EU Referendum

Marine Le Pen should be barred from UK, says Vote Leave

Marine Le Pen Image copyright EPA
Image caption Gisela Stuart said Marine Le Pen was an "extremist" whose presence would not be conducive to the public good

A senior figure in the campaign for UK exit from the EU has urged the Home Office to bar French far right leader Marine Le Pen from visiting Britain.

Vote Leave co-chairman Gisela Stuart said Ms Le Pen held "divisive and inflammatory" views and her visit would not be "conducive to the public good".

The president of the French National Front, who backs Brexit, is expected to travel to the UK in the next few weeks.

The Home Secretary told the BBC she does not comment on individual cases.

Ms Le Pen has said she intends to speak in favour of Britain leaving the EU and wants France, like the UK, to hold a referendum on leaving.

In a letter to Home Secretary Theresa May sent on Friday, Ms Stuart said the National Front leader "has previously made many divisive and inflammatory comments, including comparing Muslims praying in the street to the Nazi occupation of France".

"Accordingly, I urge you to exercise your powers under immigration legislation to refuse her admission into the country if and when she attempts to visit the UK."

Image copyright EPA
Image caption Theresa May has previously barred more than 200 hate preachers and other extremists from the UK

Ms Stuart said there was "ample precedent" to refuse Ms Le Pen entry, based on Home Office decisions to bar others in recent years.

According to figures published in 2014, Mrs May has banned more than 217 people since 2010, including 84 hate preachers, 61 people on grounds of national security and 72 because they were deemed "not conducive to the public good".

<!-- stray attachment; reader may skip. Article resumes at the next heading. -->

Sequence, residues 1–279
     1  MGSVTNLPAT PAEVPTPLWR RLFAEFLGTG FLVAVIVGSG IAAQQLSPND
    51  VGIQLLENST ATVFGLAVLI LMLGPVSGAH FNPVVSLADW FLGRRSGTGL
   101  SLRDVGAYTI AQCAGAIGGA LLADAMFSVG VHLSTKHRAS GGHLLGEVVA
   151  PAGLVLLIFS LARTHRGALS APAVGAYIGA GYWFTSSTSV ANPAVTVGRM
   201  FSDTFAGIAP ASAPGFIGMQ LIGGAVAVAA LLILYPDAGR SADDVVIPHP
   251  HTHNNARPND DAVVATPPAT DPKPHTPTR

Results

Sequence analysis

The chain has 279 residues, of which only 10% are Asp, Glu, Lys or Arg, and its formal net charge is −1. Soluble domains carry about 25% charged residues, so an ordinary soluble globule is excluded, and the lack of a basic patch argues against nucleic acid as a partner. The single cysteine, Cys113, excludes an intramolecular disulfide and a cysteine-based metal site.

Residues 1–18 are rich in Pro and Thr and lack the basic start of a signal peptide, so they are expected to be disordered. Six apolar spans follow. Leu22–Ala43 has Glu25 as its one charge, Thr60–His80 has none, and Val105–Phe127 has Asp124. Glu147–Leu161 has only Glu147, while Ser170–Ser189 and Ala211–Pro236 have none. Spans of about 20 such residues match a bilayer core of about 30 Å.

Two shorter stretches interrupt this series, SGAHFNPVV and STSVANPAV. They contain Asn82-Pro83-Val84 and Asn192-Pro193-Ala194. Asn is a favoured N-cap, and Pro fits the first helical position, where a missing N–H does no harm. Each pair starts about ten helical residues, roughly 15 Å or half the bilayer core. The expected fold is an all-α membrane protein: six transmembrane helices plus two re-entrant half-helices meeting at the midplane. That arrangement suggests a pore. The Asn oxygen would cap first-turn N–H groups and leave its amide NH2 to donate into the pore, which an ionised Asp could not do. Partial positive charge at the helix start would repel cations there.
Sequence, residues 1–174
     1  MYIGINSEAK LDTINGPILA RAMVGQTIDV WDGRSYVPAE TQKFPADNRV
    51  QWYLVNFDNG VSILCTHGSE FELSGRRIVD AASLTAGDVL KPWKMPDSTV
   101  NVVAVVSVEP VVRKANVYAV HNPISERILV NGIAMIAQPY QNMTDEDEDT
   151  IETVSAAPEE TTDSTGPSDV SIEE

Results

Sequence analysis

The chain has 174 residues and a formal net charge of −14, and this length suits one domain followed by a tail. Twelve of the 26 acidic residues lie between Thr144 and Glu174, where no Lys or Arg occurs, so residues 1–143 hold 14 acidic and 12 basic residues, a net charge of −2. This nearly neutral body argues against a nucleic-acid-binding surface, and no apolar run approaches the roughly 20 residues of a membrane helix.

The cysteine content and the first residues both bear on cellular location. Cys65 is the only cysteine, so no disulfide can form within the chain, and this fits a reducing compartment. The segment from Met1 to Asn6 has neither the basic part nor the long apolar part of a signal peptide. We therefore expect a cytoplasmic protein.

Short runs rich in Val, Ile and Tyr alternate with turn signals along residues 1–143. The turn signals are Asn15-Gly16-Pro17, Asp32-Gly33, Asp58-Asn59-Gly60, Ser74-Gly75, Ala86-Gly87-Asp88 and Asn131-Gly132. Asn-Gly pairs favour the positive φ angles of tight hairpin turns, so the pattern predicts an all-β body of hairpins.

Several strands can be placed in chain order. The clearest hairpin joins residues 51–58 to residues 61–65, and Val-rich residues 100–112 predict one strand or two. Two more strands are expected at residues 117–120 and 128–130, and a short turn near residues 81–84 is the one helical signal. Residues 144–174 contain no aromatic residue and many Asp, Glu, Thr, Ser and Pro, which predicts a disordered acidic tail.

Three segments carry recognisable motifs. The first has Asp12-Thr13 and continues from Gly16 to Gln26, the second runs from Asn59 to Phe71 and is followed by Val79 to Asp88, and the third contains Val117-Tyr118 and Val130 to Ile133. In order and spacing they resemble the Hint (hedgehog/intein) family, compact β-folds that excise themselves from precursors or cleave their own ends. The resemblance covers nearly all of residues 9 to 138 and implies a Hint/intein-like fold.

Mrs May told the BBC's Andrew Marr Show she "never talks about individual decisions" on this. She has previously said banning decisions are taken "on the basis of the evidence at the time".

Ms Le Pen has spoken in favour of French withdrawal from the EU and eurozone, which she says would allow France to restrict immigration, impose customs duties on imports, nationalise some big businesses and re-instate the franc.

She denies accusations that her party is racist and anti-Semitic.

French elections

Correspondents say the National Front has been following the EU debate in the UK closely and hopes a vote for Brexit would lift its political fortunes in France, which holds presidential elections next year.

Party spokesman Alain Vizier said on Wednesday: "Marine Le Pen is bound to go [to the UK]. The date has not been set, it would be at the end of May or early June.

"She would go for a day or half a day," he said, adding only that "she will campaign for Brexit".

Earlier in the week, Ms Le Pen said in a French radio interview: "Every nation in Europe has the right to be asked that question - do you want to stay in this structure... or not.

"The first step was organised by Mr [David] Cameron."

The UK's in/out referendum on the EU will be held on 23 June.

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